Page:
^{17}
^{]}, in which CafCA was successfully implemented for pulses with an energy of 1–18 J and energy efficiency close to 100%. An important impetus for these studies was the proposed and experimentally confirmed method of suppressing small-scale self-focusing^{[}
Reference Mironov, Lozhkarev, Ginzburg, Yakovlev, Luchinin, Shaykin, Khazanov, Babin, Novikov, Fadeev, Sergeev and Mourou
^{18}
^{,}
Reference Mironov, Lozhkarev, Luchinin, Shaykin and Khazanov
^{19}
^{]}, even at large values of the *B*-integral

where *n*
_{2} and *L* are, respectively, the nonlinear index of refraction and the thickness of the nonlinear medium, λ_{0}=2π*с*/ω_{0} is the central wavelength in vacuum, and *I*
_{in} is the input peak intensity. In particular, in Ref. [Reference Ginzburg, Yakovlev, Kochetkov, Kuzmin, Mironov, Shaikin, Shaykin and Khazanov17] the experiments were performed for the *B*-integral values up to 19. Large values of *B*-integral enable a significant increase of the compression ratio. Also noteworthy are the demonstration of two-stage compression^{[}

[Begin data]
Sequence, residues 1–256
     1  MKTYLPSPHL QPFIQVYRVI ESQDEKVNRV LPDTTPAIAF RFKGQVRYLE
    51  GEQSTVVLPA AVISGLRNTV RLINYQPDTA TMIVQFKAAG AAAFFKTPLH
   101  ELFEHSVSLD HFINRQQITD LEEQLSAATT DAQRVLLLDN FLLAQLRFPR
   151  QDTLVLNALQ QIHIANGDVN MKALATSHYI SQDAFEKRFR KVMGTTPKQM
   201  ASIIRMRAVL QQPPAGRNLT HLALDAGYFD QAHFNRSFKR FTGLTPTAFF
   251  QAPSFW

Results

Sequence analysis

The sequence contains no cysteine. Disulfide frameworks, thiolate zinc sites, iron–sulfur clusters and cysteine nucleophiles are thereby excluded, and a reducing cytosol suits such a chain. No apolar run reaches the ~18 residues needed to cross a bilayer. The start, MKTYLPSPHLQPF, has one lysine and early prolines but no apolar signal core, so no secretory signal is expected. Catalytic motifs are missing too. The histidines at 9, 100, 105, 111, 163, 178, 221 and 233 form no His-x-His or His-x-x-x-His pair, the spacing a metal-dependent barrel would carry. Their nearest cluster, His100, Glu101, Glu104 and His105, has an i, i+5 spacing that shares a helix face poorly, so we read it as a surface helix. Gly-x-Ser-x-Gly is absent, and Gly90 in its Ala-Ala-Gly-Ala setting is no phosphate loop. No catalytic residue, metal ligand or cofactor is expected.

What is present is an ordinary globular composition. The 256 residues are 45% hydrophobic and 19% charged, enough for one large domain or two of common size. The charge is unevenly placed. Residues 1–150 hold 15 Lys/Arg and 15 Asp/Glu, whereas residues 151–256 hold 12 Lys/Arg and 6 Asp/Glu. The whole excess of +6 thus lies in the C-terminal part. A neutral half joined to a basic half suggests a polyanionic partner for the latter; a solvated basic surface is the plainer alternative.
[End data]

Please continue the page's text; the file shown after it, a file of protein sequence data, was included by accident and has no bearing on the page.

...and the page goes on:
Reference Ginzburg, Yakovlev, Zuev, Korobeynikova, Kochetkov, Kuzmin, Mironov, Shaykin, Shaikin and Khazanov
^{20}
^{,}
Reference Stanfield, Beier, Hakimi, Allison, Farinella, Hussein, Tajima and Dollar
^{21}
^{]} and the theoretical works on detailed numerical modeling^{[}
Reference Mourou, Mironov, Khazanov and Sergeev
^{2}
^{,}
Reference Voronin, Zheltikov, Ditmire, Rus and Korn
^{22}
^{,}
Reference Ginzburg, Kochetkov, Yakovlev, Mironov, Shaykin and Khazanov
^{23}
^{]} and on expanding the capabilities of the technique aimed at simultaneous contrast enhancement^{[}
Reference Li, Kato and Kawanaka
^{24}
^{–}
Reference Buldt, Muller, Klas, Eidam, Limpert and Tunnermann
^{28}
^{]}.

In experiments, different materials were used as a nonlinear medium, e.g., glass^{[}
Reference Chvykov, Radier, Cheriaux, Kalinchenko, Yanovsky and Mourou
^{10}
^{]}, polyethylene terephthalate^{[}
Reference Mironov, Ginzburg, Yakovlev, Kochetkov, Shaykin, Khazanov and Mourou
^{11}
^{]}, but in the majority of works it was silica^{[}
Reference Lee, Yoo, Kim, Bhushan, Kim, Yoon, Lee, Sung and Nam
^{12}
^{–}
Reference Ginzburg, Yakovlev, Kochetkov, Kuzmin, Mironov, Shaikin, Shaykin and Khazanov
^{17}
^{]}. As shown in Ref. [Reference Khazanov, Mironov and Mourou3], a compressed pulse will be shorter at a minimal ratio of the group velocity dispersion *k*
_{2} to the nonlinear index of refraction *n*
_{2}. A decrease in *k*
_{2}/*n*
_{2} is especially important for large *B*-integral values at which pulse spectrum is broadened markedly by SPM. Among the materials that can be used for SPM in high-power lasers, silica and BK7 glass have a small value of *k*
_{2}/*n*
_{2}: approximately 1 fs^{2} PW/mm^{3} at a wavelength of 910 nm. For many glasses, isotropic and anisotropic crystals, *k*